According to Mr. Jarvis, "This is causing me considerable stress as I am now out of work and suffering financial difficulties." He has tried to appeal to both the British Council and his school, but states: "Whenever I mention this nobody seems to want to discuss it with me."

The whole situation raises an obvious question: Why is the British Council putting itself in a position of authority, where it can assess its own competitors and blacklist them? In any similar situation, in any country and in any culture, this would be deemed a questionable practice, at best. Are the government agencies that fund the British Council and its projects fully aware of this cutthroat practice?

I have always admired the British sense of fair play and their commitment to economic laissez-faire. But the recent actions of the British Council make me doubt that those noble sentiments are still at play in your country.


So, there you go - clearly another case of the judges making up the rules to suit themselves, and changing them when they feel like it too.

If anybody, including impartial observers and heavily vested interests, have any enlightening remarks to make, please add your cheeky comments and reasonable responses below. Cheers.

Tuesday, January 5, 2010

Negative Outcome Oriented Schemas and How to Avoid Them.

Fuck me - again?! I can't now remember just how many times I have been given the bum's rush from Dave's ESL Cafe. I think the last time was early last year, when I was dished out a dose of 'summary justice' for the alleged crime of posting the content of a PM - that's 'private message' to the uninitiated. The fact that the content I posted was written by myself was apparently irrelevant to the case. No appeals are allowed on Dave's.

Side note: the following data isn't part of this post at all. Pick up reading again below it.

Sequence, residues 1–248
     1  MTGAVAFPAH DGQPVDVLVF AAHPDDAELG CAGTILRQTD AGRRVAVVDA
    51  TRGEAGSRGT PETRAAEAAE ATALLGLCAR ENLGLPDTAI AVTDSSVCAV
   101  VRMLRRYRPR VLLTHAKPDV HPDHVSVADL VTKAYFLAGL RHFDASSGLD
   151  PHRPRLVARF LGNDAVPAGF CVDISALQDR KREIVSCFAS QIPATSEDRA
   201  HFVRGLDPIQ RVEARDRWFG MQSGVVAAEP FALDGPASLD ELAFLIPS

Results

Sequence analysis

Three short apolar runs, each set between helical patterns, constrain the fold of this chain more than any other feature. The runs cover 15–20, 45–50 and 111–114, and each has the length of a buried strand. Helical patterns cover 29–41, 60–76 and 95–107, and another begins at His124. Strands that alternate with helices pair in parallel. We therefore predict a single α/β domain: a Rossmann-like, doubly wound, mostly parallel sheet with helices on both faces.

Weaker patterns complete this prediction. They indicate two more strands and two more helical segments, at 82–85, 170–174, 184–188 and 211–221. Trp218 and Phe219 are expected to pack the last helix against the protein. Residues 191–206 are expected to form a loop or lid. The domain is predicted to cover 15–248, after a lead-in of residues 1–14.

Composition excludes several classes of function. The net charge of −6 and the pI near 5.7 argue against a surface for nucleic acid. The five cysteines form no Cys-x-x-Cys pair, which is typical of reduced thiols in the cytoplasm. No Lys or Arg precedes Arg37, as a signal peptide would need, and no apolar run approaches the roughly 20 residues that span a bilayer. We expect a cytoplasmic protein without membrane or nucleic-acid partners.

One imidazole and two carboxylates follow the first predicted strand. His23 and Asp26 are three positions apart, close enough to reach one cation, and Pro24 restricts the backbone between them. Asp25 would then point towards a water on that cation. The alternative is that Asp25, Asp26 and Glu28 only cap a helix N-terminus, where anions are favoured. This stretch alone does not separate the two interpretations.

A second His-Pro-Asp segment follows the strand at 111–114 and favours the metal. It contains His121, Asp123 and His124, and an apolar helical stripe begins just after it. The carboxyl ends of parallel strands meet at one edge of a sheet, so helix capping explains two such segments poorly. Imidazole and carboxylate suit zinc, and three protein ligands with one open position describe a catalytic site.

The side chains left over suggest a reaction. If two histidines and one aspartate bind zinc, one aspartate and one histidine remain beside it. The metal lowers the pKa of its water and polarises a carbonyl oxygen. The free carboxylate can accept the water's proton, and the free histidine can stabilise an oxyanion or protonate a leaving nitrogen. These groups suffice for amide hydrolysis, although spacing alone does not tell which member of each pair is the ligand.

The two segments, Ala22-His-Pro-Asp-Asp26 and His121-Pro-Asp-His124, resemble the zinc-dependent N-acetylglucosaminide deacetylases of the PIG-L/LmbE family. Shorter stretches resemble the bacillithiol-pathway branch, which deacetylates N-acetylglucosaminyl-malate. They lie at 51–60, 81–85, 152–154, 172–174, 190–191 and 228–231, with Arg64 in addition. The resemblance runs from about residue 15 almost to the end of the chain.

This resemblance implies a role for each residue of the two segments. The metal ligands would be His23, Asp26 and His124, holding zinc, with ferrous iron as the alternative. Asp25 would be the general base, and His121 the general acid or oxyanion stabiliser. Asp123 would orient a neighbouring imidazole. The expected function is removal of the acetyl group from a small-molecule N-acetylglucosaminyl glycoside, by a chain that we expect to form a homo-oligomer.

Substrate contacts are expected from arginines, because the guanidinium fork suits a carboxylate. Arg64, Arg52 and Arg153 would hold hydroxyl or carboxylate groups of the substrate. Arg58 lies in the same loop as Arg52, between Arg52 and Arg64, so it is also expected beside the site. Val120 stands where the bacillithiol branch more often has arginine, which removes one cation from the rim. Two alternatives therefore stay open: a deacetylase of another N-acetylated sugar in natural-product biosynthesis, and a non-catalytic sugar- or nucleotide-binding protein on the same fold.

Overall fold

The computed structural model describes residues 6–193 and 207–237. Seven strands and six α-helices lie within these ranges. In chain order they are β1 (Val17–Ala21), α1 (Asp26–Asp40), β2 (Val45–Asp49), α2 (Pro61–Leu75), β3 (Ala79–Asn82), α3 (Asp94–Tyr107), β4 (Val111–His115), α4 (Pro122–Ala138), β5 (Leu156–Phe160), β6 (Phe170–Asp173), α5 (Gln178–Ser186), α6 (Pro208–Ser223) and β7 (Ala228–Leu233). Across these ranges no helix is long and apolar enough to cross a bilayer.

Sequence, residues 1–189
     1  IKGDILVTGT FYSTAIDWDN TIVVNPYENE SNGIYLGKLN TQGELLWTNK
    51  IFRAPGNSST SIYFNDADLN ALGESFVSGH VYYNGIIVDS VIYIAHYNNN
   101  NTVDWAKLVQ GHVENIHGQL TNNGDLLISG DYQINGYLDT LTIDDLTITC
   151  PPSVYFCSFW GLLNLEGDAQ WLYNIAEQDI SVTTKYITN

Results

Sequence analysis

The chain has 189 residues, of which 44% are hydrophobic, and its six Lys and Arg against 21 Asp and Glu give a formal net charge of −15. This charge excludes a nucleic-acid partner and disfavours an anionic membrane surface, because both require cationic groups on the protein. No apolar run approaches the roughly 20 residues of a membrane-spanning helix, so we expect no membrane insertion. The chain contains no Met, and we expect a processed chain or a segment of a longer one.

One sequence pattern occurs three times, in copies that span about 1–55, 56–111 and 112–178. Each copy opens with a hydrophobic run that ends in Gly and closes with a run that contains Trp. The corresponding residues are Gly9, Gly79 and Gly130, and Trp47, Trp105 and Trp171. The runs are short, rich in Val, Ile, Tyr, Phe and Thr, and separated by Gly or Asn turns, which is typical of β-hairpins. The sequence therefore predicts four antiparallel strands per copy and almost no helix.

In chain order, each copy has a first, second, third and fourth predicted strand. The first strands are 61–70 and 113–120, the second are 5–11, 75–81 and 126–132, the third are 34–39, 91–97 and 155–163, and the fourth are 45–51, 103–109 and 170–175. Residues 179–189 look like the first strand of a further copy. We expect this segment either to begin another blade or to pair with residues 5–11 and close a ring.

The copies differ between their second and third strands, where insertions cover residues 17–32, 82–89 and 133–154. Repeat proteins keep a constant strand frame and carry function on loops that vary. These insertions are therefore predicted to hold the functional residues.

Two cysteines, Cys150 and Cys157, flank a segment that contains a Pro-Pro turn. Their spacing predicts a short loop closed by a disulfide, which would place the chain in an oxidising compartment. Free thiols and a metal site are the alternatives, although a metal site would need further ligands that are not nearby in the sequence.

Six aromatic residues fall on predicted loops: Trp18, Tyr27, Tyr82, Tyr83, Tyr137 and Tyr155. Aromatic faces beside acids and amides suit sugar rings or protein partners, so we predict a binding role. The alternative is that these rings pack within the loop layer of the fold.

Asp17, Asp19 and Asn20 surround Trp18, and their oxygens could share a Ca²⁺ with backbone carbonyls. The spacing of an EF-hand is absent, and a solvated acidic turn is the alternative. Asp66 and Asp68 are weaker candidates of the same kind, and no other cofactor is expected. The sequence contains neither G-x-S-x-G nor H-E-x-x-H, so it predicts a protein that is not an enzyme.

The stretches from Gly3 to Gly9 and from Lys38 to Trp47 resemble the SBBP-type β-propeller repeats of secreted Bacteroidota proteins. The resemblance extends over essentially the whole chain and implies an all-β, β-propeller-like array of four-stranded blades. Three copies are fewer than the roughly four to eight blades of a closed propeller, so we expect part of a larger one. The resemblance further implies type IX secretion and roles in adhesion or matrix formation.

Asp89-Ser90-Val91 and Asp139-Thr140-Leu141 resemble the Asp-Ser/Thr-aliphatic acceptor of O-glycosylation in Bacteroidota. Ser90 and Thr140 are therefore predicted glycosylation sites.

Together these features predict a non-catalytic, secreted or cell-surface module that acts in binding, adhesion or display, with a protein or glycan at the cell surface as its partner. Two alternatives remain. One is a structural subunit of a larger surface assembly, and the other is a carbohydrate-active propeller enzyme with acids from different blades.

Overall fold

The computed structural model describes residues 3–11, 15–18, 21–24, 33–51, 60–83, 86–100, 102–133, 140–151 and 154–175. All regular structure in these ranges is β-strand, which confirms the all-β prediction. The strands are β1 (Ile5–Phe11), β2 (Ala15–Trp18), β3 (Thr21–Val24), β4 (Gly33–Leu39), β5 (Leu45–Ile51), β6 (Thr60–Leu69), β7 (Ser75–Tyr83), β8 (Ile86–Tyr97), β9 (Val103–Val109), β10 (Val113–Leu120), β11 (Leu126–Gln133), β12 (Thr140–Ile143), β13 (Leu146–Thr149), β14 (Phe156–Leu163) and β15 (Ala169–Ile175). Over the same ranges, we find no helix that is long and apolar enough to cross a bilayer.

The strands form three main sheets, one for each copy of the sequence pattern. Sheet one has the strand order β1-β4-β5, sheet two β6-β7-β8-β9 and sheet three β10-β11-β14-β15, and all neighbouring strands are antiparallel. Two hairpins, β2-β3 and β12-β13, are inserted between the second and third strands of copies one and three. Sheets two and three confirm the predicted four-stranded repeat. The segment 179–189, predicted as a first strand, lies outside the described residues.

So when I got a PM a few weeks back telling me off for daring to raise the question of just why one of my apparently innocent postings had been deleted by ''the mods' (the moderators), I responded in the most appropriate fashion. I told 'the mod' to "Piss off". And I called him a "dickhead". Well, that upset him, I guess, as I got the message you can see in the graphic - "You have been banned from this forum".

Not that it upsets me at all. In fact, this whole issue of getting the metaphorical bullet from one of Dave Sperling's little mods is just a cunning ruse to lead you to the real meat of this blog posting, namely that there is an excellent piece of ripping satire available there on the UAE forum, which you should find here. And it wasn't me wot wrote it - no mate, not at all, I'm afraid!

Just scroll down to the entry by scrog_420, and you'll see a priceless parody of vacuous educational newspeak, concerning the buzzwords of the day to parrot at a job interview. I almost peed myself with laughter when I read it, and I sincerely hope that you'll do the same. And just as a teaser, here's a couple of examples...

6. To succeed at HCT, you must embrace, you must love, you must worship technology. Remember, there is no such thing as too much educational technology. Remember that nothing counts if you cannot put an “e-” in front of it. Speak frequently, therefore, of “e-action plans” and “e-metacognitive paradigms”. Even better, speak of your “e-action plan to create e-student-centered e-metacognitive paradigms”.

7. Try to use as much educational jargon as possible. If you work a bit into an interview or discussion, those listening will be impressed because they will assume you know what it means and won’t dare reveal that they don’t by asking what it means. You should speak frequently of the need to...

• generate collaborative objectives
• aggregate outcome-based paradigms
• enable inquiry-centered schemas
• cultivate technology-enhanced interfaces
• exploit integrated technologies

The saddest thing is - it's absolutely true!